Monday, August 10, 2009
Updated: August 16, 1:14 AM ET
By Jay Cronley
Special to ESPN.com
Who among us hasn't seen the numbers change as they turn for home: not the numbers of the horses leading the race, the odds. It's not uncommon for odds to tick down along the back stretch. You might have thought you bet a 5-2 horse only to see that erased and re-chalked at 6-5.
Given their desire to take from us every cent that we have brought to the races, it's probably a good time to review the fading art of tote board-watching. Most funky money trails lead to a shifty connection, or fringe member of the training or owning team, or a friend thereof, betting just before the post. While not against the rules, wagering a lot of money on inside information at the last second is pretty gutless. But then, on the other hand, who probably wouldn't wait with a big bet that they liked a lot.
There's not much you can do when a horse ticks down two points a second before the gate opens, except to keep an eye on the hustlers. There's something seedy about getting a good-sized bet down right before the post, grubby people hanging out in a teller's window until the starting gate gets busy. A friend of mine keeps statistics on everything. This is a good friend to have. I gratefully buy him rounds. He has the numbers that show horses catching last-second money do run better than they appear in the Form, but that they run second far more frequently than they win. Horses that catch late money are usually middle-odds propositions at middle-sized tracks. If the people who bet them late were better handicappers, they' wouldn't have to train pretenders in the sticks, would they. There's much more to handicapping than training.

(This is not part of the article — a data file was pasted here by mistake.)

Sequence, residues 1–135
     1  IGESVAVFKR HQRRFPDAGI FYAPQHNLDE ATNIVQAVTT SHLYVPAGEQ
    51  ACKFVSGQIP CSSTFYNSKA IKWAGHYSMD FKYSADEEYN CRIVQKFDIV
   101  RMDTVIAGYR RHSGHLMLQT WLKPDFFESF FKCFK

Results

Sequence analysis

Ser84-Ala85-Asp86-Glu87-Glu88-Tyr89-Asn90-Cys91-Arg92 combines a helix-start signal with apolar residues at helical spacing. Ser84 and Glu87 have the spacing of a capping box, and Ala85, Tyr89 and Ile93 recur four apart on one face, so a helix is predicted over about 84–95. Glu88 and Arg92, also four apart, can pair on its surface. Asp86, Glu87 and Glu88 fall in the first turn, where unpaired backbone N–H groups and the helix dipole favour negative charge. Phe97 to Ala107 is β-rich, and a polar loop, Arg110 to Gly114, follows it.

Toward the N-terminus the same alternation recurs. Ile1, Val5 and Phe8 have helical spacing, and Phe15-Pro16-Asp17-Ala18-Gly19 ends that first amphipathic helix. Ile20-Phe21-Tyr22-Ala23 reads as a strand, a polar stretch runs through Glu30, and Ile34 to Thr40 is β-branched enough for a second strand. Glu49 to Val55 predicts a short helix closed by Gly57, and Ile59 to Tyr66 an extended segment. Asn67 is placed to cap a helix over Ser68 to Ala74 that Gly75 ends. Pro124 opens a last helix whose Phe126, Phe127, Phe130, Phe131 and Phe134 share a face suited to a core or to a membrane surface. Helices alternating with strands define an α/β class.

Big drops of early money, what's that about? The owner of a $5,000 claimer in his beer cups? Wagering early in case he passes out?
It is not uncommon at some tracks to see a 5-1 horse open at 4-5 and go off at 10-1.
Sometimes a horse catching money can be an illusion. A 5-1 horse going through the wagering period at even money can mean that the odds maker put up a bad opening number. Something that deserves your bet is a well-bred monster in a maiden special. You simply can't beat a motto like: All winners have value. All winners didn't used to have value. Then they added rolling doubles and picks 3's and 4's; suddenly 3-5 easy money can connect to a lot more.
Horses that should catch money, but don't, who needs them. These are different from big-number horses that require skill to find and play.
It's just great that even the money they try to sneak past the sincere, hard-working handicappers has to show up on the tote board. So why wouldn't college football and the NFL want legal and supervised parlay card wagering in Delaware? Legal wagering produces records, receipts. Evidently the college presidents and NFL prefer bookmakers and crooks. Delaware, with its football parlay cards, is my new hero state. When next I am in the northeast, I will absolutely travel there to observe nature and play some games.
Here's an area of tote board watching that is worth your time -- the exotic columns.
When a double or an exacta payoff is a lot less than the win odds suggest should be the case, you need to try to figure out why; then even if you can't see why a horse is taking on money, you need to give some thought to betting what the prospective chiselers are trying to put across with inside information. Hiding money in exotics isn't so time-intensive. They think we're stupid and won't look. The other night I caught a double solely because it should have paid twice what it did. Look Ma, no hands, no Form, just a TV screen and some uncouth characters who will get theirs one day.
The way you have to look at bets that make no horse sense but some financial sense, when it comes to inside money, is what's two bucks, as horse racing is the most rhetorical of the sports.
Write to Jay at firstname.lastname@example.org.